According to the Centers for Disease Control and Prevention, approximately one out of every three American adults has high blood pressure. Add in psychological stress factors (work-life balance, job security, interpersonal struggles, or anything else that keeps us up at night) and it's no wonder that conditions like heart disease and stroke are among the leading causes of death for men and women in the country.
Between unhealthy eating patterns, lack of sleep, and, in some cases, substance use, the behaviors many people turn to mitigate stress in the short term can not only exacerbate the feeling in the long term, but increase blood pressure. But there is a practice you can adopt to relieve stress and ease tension without threatening heart health: the relaxation response.
What Is the Relaxation Response?
Developed by Herbert Benson, MD, originally at Harvard Medical school and now at the Benson-Henry Institute for Mind Body Medicine, the relaxation response is a six-step technique designed to quiet your mind and calm your body in times of stress. The technique has been tested extensively and written up in Dr. Benson's book, "The Relaxation Response." Because it requires no additional tools, it can be used nearly anywhere and at any time. For best results, try the relaxation response once or twice a day for 10-20 minutes. With practice, you'll find that the response comes with less and less effort.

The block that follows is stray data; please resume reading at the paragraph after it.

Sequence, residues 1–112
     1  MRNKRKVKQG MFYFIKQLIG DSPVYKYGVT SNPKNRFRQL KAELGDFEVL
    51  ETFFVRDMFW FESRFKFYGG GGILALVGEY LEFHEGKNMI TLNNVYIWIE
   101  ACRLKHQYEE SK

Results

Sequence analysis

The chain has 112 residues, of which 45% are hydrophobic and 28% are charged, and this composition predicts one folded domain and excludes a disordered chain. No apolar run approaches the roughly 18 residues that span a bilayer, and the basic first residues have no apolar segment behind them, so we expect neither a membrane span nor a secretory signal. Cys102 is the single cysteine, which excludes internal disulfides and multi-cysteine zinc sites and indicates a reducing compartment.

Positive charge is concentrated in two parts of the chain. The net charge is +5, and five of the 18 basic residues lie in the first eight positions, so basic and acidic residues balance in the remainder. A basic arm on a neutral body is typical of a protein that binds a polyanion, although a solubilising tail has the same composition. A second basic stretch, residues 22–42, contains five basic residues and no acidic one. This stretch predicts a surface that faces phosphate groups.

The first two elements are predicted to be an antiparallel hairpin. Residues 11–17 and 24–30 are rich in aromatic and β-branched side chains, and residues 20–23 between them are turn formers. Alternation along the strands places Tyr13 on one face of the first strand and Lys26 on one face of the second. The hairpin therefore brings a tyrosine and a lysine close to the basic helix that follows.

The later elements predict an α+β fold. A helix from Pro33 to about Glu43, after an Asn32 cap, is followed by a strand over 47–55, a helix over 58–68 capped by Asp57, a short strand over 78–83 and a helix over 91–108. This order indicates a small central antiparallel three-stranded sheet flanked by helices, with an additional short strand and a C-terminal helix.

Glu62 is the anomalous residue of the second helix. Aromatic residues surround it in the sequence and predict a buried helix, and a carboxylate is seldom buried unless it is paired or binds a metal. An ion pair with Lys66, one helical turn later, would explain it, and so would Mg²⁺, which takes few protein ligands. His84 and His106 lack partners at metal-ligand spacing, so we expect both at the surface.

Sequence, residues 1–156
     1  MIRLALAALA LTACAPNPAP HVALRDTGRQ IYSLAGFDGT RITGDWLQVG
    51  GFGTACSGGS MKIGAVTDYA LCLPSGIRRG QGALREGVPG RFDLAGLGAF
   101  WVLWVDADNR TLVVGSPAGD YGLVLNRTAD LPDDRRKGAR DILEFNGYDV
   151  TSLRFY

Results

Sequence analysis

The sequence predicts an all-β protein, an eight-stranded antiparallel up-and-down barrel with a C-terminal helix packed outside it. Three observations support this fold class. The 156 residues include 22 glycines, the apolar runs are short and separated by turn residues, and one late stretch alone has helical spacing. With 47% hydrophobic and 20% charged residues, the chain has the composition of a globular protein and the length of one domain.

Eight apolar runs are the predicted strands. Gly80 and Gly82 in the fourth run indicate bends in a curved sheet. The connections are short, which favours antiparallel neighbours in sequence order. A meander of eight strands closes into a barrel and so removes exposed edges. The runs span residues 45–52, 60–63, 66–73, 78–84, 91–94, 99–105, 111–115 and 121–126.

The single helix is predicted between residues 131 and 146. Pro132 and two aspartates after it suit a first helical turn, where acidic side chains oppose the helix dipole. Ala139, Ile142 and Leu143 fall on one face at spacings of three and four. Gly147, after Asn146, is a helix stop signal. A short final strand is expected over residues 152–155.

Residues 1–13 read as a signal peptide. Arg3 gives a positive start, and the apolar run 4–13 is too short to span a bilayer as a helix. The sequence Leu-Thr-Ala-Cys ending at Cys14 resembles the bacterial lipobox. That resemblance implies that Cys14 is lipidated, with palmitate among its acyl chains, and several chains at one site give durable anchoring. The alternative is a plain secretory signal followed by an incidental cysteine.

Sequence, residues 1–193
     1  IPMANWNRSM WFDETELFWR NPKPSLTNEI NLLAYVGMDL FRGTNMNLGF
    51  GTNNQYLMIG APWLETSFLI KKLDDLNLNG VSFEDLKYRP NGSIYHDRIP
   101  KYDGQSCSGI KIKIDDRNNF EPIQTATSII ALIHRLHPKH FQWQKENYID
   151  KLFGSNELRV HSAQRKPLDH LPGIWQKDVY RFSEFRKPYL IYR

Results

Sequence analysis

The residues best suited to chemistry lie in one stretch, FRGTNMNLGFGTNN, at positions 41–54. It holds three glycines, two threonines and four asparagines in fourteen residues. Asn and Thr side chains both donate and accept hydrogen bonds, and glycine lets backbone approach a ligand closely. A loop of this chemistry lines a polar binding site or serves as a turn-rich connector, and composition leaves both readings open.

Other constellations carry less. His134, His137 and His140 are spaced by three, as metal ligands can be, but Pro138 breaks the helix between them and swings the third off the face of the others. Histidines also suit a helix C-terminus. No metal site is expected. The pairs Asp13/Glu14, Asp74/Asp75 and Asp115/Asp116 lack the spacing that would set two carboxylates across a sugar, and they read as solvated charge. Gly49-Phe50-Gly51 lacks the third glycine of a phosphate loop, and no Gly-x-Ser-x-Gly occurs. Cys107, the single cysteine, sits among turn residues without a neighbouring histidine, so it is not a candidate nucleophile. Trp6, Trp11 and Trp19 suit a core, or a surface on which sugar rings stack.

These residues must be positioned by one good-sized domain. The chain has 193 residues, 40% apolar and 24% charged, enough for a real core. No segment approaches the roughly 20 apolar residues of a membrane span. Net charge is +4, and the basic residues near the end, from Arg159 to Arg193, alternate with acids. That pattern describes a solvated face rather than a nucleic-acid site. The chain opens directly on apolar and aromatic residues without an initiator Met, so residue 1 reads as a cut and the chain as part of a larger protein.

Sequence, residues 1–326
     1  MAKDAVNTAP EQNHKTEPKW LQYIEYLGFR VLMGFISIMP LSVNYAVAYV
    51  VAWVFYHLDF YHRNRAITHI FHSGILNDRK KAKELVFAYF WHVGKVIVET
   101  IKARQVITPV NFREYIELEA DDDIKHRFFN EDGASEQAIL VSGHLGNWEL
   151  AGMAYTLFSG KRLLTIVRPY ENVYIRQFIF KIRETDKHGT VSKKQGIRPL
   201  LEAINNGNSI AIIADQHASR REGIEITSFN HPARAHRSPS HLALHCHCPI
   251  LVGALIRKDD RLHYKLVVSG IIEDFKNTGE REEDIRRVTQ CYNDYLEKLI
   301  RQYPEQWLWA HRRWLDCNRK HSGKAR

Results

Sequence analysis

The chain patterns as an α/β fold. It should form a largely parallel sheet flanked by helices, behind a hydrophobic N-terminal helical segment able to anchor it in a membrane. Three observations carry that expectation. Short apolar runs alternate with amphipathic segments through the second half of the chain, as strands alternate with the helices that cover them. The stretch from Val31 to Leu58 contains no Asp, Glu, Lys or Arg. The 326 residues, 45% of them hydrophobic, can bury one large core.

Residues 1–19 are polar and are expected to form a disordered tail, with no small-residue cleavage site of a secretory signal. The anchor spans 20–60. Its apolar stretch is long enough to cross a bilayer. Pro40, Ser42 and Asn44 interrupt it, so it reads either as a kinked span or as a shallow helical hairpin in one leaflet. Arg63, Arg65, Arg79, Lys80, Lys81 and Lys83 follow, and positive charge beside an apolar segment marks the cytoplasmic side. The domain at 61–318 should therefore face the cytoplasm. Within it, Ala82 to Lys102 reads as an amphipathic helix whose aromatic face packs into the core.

Step 1: Sit quietly in a comfortable position.
Step 2: Close your eyes.
Step 3: Deeply relax all your muscles, beginning at your feet and progressing up to your face. Keep each muscle relaxed.
Step 4: Breathe easily and naturally through your nose, becoming mindful of each breath as you do.
Step 5: As you breathe out, say the word "one" silently to yourself.
Step 6: Continue this process for 10-20 minutes, keeping your eyes gently closed. (You may open your eyes to check the time, but do not use an alarm.) When you finish, sit quietly for several minutes.
- Don't worry about whether you are successful in achieving a deep level of relaxation; maintain a passive attitude and permit relaxation at its own pace
- Distracting thoughts may come to your mind as you work through the process. Instead of dwelling on them, try to let them pass and return to repeating "one" as you breathe out
- Avoid practicing the relaxation response within two hours after any meal, as it may make you tired
This article originally appeared on MGHBeFit.com, an employee wellness program sponsored by MGH Nutrition and Food Services.